DVClub Austin – September 11, 2018 – Presenters: Mark Glasser (NVIDIA) & Aman Arora (NVIDIA)
Please join us on September 11, 2018 at the Norris Conference Center for a catered lunch and networking. Mark Glasser, a Principal Verification Architect at NVIDIA, and Aman Arora, a Verification Engineer at NVIDIA will be presenting.
- 11:30am — Doors Open / Networking
- 12:00pm — Lunch / Presentations by Mark Glasser (NVIDIA) & Aman Arora (NVIDIA)
- 1:00pm — Networking
“Generic Programming in SystemVerilog” by Mark Glasser, NVIDIA
Making programs generic, or generic programming, means making programs independent of information about types, sizes, locations, and similar specific information. This requires certain programming styles and language features which avoids coding low-level details. SystemVerilog, with its heritage as a hardware modeling language, has some features for generic programming but is not considered a generic programming language.
We have developed the SystemVerilog Extension (SVX) library which provides facilities that improve the capability of SystemVerilog to render generic programs. SVX is written entirely in standard SystemVerilog with no reliance on DPI or any other external interface.
Aspects of generic programming are discussed, including removal of assumptions and abstraction.
We give a tour of the library and its facilities and features. Then we discuss concepts of generic programming in terms of SVX. Finally, we compare our work with others who have approached the same topic and describe some future directions for generic programming in SystemVerilog.
How are we to directly verify the source HLS model? Unfortunately, our present, unit-level simulation-based functional verification methodology library of choice, the Universal Verification Methodology (UVM), assumes that the model of the DUT (Design Under Test) is written in the same language as the library, namely SystemVerilog/Verilog. This paper summarizes the scenarios we considered for dealing with this situation, and presents an expedient solution based on the UVM Connect open-source library.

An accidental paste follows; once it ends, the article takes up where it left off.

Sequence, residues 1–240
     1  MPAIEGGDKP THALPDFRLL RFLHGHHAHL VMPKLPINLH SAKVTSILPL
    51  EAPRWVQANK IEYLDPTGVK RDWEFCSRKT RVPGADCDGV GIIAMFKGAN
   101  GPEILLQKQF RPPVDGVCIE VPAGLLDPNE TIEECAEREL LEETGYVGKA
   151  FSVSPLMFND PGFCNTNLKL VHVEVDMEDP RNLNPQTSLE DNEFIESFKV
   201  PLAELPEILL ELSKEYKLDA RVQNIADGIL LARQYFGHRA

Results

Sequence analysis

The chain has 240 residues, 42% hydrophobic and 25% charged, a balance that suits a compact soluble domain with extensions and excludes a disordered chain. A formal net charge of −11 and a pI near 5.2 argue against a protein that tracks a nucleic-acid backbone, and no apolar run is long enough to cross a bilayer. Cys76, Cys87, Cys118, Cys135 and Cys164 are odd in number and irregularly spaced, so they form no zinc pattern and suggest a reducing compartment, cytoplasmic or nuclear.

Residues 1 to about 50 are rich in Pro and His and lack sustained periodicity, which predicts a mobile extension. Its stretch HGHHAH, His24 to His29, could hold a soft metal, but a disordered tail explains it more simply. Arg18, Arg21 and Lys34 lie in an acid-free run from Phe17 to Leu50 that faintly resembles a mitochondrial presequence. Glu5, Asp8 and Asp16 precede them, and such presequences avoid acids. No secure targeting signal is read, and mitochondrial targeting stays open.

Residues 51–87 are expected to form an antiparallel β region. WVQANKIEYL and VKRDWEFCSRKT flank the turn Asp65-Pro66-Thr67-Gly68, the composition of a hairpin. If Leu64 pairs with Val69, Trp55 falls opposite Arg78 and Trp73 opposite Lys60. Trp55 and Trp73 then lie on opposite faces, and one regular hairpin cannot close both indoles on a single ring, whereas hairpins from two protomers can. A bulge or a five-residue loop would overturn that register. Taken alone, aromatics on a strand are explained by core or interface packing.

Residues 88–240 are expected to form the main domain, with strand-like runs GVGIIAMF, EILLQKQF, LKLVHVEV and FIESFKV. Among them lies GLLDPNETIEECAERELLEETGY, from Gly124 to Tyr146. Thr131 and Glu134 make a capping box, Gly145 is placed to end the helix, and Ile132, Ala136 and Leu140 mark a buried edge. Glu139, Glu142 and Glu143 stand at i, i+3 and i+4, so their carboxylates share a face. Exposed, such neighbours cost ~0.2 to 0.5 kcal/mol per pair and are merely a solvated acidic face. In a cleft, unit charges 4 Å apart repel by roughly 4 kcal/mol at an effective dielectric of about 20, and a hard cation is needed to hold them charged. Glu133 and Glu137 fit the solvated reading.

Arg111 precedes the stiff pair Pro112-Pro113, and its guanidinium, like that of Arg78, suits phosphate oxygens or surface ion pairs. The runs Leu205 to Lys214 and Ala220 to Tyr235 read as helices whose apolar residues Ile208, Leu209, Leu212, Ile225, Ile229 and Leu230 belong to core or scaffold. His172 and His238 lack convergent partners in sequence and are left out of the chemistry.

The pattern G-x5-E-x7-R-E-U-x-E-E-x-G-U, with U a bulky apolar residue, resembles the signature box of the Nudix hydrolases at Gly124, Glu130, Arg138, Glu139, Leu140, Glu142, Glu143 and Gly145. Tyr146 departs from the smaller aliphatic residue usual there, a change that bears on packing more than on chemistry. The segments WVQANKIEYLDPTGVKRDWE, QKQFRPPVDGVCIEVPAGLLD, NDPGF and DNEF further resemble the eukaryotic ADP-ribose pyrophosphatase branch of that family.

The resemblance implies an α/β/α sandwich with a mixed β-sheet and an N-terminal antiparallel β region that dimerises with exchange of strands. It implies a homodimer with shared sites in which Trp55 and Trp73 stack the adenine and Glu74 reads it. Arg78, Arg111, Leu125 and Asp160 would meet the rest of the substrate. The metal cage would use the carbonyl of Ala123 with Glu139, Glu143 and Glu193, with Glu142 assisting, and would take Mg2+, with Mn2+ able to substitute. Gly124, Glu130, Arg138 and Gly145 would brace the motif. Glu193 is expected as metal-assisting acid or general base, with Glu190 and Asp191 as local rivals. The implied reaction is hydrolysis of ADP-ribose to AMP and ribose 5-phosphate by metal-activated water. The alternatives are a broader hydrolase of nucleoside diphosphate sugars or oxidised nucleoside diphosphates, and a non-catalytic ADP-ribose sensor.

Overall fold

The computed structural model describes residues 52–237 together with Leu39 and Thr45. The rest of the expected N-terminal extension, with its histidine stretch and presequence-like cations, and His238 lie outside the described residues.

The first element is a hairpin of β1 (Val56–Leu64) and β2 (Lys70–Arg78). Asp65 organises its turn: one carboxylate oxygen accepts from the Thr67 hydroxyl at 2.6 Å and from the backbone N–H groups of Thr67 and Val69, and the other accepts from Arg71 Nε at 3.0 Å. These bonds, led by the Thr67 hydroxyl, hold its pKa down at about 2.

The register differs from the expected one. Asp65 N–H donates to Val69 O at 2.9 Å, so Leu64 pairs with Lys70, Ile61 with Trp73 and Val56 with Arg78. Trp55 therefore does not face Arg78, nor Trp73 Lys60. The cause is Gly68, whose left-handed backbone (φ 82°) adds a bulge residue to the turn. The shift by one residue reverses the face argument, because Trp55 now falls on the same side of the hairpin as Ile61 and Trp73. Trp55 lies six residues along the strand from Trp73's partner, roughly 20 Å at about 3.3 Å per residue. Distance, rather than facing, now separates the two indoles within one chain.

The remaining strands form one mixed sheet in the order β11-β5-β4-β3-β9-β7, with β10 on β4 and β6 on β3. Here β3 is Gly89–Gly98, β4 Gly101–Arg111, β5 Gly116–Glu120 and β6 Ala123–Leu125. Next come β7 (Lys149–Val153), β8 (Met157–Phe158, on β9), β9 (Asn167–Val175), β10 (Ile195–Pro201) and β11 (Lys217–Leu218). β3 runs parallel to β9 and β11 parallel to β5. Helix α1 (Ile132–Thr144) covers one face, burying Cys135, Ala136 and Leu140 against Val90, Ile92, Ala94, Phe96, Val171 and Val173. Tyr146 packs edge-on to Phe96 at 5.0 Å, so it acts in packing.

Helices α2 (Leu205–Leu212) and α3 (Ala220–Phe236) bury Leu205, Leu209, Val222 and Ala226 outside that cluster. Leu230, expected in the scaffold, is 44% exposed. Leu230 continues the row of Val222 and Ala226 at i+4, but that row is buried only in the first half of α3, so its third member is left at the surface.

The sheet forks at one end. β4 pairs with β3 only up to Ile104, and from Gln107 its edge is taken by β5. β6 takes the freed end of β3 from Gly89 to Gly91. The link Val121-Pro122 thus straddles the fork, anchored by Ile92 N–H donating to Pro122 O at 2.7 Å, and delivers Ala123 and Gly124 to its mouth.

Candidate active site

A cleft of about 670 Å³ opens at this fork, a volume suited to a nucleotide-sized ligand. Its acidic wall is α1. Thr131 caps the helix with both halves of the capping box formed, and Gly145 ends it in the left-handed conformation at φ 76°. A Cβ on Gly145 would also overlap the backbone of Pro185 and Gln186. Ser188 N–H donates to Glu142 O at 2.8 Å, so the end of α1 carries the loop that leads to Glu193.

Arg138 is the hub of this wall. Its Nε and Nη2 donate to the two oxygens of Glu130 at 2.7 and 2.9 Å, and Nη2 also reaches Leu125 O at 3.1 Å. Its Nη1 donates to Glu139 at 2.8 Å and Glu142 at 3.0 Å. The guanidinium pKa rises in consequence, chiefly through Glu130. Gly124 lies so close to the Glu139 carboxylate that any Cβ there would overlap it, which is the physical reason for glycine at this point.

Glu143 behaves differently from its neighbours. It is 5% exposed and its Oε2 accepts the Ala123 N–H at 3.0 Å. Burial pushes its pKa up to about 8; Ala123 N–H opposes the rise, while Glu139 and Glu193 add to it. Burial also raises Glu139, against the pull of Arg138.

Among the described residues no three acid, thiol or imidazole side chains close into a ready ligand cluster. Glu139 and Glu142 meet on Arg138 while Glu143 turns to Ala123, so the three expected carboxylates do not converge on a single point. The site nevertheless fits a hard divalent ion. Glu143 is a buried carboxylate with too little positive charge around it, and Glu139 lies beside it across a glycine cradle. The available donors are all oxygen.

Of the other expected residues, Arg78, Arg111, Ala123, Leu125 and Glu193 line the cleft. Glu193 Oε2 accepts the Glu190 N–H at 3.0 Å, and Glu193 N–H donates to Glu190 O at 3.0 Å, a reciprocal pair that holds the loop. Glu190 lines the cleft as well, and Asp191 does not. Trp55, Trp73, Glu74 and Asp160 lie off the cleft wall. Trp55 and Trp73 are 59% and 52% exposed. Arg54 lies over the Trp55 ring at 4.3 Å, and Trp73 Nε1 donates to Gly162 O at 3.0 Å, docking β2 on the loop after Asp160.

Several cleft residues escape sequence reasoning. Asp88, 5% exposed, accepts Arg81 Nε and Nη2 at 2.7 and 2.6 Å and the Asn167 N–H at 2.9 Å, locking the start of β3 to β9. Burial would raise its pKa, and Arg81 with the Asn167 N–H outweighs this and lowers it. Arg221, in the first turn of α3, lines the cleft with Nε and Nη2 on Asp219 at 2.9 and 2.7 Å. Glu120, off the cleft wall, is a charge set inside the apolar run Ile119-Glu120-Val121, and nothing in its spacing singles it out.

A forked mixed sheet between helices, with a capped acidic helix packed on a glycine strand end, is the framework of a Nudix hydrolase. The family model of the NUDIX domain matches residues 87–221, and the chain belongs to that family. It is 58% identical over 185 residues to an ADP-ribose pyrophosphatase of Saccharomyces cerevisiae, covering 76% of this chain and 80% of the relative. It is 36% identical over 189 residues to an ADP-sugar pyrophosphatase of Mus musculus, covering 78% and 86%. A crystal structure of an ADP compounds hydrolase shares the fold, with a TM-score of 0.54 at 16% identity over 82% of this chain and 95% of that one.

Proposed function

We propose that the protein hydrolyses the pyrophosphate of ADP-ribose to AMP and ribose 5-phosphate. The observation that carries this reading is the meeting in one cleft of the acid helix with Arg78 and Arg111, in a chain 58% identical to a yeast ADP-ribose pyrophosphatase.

- Mark Glasser has is currently a Principal Verification Architect at NVIDIA Corporation. His verification work includes such things as architecture of UVM-based testbenches, including multi-lingual, multi-abstraction testbenches, and verification of safety critical systems. His technical interests include tools and methodologies for verifying electronic systems. Mark holds a Bachelor of Science in Computer Science from California State University, Northridge.
“Using Hardware Verification Methodologies to Verify the BootROM of a Complex SoC” by Aman Arora, NVIDIA
The BootROM of an SOC is traditionally considered software and, hence, is verified by software teams. Since BootROM is fabricated as part of the SOC, and is therefore immutable after tape-out, functional errors have the potential to trigger a respin. To ensure functional correctness as early in the design cycle as possible, using hardware verification methodologies for BootROM verification can be of great help. These methods include constrained random stimulus generation, automated checking, and use of coverage tools to measure quality. The SystemVerilog constraint solver can be used for randomizing various boot configurations. A checker can observe events using monitors and ensure that the SOC is being configured correctly at each boot stage. Coverage can be obtained by parsing simulation logs and mapping it to disassembled boot code. During this presentation, we will talk through the implementation of these methods at a high level. We will share our experiences, as well as limitations and benefits of these techniques.
- Aman Arora is a verification engineer working at NVIDIA for the past 6 years. He has worked on a variety of verification roles including methodology, infrastructure, SOC level verification, unit level verification, and Silicon bring-up. He graduated from the University of Texas at Austin in 2012. He likes doing yoga, going on hikes, and listening to podcasts.
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